Issues in the Administration of Tariff-Rate Import Quotas in the Agreement on Agriculture in the WTO: An Introduction
Harry de Gorter () and
Ian M. Sheldon
Agricultural and Resource Economics Review, 2000, vol. 29, issue 1, 54-57
The Uruguay Round Agreement on Agriculture (URAA) put in place a set of rules that may, in the future, have significant effects on the conditions for market access for agricultural products. Bound tariffs replaced non-tariff barriers in most cases, and rules facing exporters are now more transparent. In addition, minimum access commitments were made through the use of import quotas, with a lower tariff for imports within the quota. Although agriculture is now integrated into the multilateral trading system, most commentators agree that the URAA did little actually to liberalize agricultural trade. Bound out-of-quota tariffs remain very high while quotas have resulted in the institutionalization of rents for specific countries and firms or state trading enterprises, thereby potentially increasing resistance by these stakeholders to any trade liberalization initiatives.
References: Add references at CitEc
Citations: View citations in EconPapers (3) Track citations by RSS feed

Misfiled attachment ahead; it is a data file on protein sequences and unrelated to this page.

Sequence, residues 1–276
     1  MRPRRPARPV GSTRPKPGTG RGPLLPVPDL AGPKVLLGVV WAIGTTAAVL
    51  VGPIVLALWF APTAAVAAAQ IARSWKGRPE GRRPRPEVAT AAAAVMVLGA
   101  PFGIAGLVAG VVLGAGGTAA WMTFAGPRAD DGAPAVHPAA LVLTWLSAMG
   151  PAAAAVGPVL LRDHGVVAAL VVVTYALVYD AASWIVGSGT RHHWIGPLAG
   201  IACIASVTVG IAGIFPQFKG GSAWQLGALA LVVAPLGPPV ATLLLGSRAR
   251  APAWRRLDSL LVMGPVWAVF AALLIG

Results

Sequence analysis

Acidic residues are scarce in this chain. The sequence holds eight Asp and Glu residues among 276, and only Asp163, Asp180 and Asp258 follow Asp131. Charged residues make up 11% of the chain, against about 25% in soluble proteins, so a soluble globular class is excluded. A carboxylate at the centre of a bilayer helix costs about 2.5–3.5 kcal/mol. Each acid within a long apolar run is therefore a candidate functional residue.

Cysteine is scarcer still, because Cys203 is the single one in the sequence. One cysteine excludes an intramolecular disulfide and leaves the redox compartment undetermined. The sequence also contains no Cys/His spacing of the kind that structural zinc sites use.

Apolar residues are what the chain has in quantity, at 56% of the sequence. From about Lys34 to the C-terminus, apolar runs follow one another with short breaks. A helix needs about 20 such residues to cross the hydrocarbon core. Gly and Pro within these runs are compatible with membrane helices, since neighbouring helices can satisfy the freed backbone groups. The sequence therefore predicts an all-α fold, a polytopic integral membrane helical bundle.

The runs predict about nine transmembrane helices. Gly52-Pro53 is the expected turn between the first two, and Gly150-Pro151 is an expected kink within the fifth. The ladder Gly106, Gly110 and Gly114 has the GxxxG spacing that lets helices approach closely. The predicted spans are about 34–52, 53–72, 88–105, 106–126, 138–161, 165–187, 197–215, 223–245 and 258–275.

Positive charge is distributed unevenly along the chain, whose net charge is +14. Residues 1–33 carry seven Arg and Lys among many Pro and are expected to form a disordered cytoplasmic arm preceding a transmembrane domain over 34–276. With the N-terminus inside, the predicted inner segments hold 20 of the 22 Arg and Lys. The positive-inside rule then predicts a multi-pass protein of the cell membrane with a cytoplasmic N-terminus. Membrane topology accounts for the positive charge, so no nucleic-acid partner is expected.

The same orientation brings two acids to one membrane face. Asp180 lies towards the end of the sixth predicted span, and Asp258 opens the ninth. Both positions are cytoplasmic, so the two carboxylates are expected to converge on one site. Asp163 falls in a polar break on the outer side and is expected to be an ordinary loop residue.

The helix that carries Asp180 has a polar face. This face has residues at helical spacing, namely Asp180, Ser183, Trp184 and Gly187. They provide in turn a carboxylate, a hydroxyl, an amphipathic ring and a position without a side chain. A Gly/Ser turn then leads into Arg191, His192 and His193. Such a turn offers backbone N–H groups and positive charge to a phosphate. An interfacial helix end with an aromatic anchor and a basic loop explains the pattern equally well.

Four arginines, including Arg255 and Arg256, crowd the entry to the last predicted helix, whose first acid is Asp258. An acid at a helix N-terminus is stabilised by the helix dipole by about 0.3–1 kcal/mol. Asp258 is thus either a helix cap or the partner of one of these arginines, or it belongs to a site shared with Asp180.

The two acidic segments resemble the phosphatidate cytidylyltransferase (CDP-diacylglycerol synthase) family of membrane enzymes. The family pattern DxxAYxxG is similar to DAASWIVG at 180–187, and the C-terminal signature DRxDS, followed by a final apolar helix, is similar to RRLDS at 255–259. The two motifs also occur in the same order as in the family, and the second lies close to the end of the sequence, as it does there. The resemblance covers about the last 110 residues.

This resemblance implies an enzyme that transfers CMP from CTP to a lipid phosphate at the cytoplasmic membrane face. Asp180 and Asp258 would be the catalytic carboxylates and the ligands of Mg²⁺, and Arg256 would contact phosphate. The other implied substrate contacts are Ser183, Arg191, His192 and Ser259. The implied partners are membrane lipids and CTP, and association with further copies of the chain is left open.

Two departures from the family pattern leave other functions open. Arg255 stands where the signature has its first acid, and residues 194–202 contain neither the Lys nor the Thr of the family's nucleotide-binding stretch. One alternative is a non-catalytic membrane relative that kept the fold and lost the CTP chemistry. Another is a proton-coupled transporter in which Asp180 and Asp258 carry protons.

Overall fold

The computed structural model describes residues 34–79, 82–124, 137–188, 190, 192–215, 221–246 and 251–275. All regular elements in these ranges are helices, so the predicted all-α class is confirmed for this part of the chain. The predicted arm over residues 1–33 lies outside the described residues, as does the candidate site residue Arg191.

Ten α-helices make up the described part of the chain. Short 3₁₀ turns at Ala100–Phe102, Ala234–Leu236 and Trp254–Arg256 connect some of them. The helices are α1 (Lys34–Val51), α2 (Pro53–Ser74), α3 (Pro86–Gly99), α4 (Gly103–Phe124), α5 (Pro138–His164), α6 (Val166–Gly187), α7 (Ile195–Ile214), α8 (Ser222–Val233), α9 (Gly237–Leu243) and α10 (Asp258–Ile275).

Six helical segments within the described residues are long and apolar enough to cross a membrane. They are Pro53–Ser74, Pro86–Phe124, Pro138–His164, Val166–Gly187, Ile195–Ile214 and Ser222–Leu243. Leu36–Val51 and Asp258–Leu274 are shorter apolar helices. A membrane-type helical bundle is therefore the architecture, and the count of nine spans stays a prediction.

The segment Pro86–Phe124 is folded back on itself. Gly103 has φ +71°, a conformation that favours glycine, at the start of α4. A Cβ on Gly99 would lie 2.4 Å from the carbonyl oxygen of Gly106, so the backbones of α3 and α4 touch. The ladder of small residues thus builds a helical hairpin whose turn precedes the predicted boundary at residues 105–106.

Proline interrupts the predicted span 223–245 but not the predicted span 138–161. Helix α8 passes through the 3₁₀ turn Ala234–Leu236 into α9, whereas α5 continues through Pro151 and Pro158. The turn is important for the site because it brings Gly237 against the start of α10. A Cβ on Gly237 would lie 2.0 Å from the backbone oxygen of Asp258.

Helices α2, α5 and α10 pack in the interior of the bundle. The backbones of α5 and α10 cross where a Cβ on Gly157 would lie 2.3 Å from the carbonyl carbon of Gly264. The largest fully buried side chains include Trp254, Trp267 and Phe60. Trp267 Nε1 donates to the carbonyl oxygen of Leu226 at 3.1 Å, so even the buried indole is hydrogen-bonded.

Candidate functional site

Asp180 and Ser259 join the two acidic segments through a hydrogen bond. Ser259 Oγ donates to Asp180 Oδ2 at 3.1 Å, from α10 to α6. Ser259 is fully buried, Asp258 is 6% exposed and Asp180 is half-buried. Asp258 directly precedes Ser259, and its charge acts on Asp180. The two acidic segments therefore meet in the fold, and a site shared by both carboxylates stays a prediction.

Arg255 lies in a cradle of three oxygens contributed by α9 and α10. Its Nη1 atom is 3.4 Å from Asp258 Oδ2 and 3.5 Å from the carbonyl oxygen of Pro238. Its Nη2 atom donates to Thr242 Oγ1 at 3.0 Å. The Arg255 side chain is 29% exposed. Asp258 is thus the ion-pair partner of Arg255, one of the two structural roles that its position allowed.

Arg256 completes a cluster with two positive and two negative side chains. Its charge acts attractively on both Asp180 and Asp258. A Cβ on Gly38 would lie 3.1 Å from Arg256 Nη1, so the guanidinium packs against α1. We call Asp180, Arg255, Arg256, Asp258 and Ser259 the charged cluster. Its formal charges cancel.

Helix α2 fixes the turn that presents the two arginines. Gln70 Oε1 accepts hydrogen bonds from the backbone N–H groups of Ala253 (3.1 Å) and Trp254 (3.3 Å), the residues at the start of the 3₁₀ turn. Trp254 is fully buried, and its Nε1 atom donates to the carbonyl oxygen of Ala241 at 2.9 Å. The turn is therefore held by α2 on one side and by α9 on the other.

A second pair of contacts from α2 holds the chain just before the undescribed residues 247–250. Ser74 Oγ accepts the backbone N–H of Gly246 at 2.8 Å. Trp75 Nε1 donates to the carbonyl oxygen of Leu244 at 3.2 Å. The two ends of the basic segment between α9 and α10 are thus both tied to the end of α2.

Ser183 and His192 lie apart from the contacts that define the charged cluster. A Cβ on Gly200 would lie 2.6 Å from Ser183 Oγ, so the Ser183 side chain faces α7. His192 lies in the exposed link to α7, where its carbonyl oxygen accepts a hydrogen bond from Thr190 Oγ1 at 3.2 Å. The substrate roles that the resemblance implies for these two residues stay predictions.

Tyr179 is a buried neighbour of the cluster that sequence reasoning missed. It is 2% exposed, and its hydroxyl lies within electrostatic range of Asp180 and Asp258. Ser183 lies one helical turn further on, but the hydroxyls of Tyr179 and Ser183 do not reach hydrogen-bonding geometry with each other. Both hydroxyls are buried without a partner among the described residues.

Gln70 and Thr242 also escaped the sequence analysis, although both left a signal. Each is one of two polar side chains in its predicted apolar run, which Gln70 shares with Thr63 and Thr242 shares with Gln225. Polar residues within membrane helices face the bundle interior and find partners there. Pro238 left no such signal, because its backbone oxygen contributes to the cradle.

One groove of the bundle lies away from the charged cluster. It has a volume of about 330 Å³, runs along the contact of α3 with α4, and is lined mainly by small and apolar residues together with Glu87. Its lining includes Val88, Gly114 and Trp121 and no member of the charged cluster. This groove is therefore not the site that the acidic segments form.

Downloads: (external link)
https://www.cambridge.org/core/product/identifier/ ... type/journal_article link to article abstract page (text/html)
Journal Article: ISSUES IN THE ADMINISTRATION OF TARIFF-RATE IMPORT QUOTAS IN THE AGREEMENT ON AGRICULTURE IN THE WTO: AN INTRODUCTION (2000)
This item may be available elsewhere in EconPapers: Search for items with the same title.
Export reference: BibTeX
RIS (EndNote, ProCite, RefMan)
Persistent link: https://EconPapers.repec.org/RePEc:cup:agrerw:v:29:y:2000:i:01:p:54-57_00
Access Statistics for this article
More articles in Agricultural and Resource Economics Review from Cambridge University Press Cambridge University Press, UPH, Shaftesbury Road, Cambridge CB2 8BS UK.
Bibliographic data for series maintained by Keith Waters ().